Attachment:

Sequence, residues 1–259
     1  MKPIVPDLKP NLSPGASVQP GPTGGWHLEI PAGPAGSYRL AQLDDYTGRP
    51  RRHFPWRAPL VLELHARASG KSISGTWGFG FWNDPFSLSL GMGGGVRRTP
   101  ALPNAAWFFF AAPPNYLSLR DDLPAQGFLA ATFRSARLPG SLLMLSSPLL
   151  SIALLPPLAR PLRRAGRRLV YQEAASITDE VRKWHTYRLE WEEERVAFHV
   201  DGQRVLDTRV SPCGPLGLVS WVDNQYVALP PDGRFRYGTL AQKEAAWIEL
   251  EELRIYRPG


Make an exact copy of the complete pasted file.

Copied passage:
Sequence, residues 1–259
     1  MKPIVPDLKP NLSPGASVQP GPTGGWHLEI PAGPAGSYRL AQLDDYTGRP
    51  RRHFPWRAPL VLELHARASG KSISGTWGFG FWNDPFSLSL GMGGGVRRTP
   101  ALPNAAWFFF AAPPNYLSLR DDLPAQGFLA ATFRSARLPG SLLMLSSPLL
   151  SIALLPPLAR PLRRAGRRLV YQEAASITDE VRKWHTYRLE WEEERVAFHV
   201  DGQRVLDTRV SPCGPLGLVS WVDNQYVALP PDGRFRYGTL AQKEAAWIEL
   251  EELRIYRPG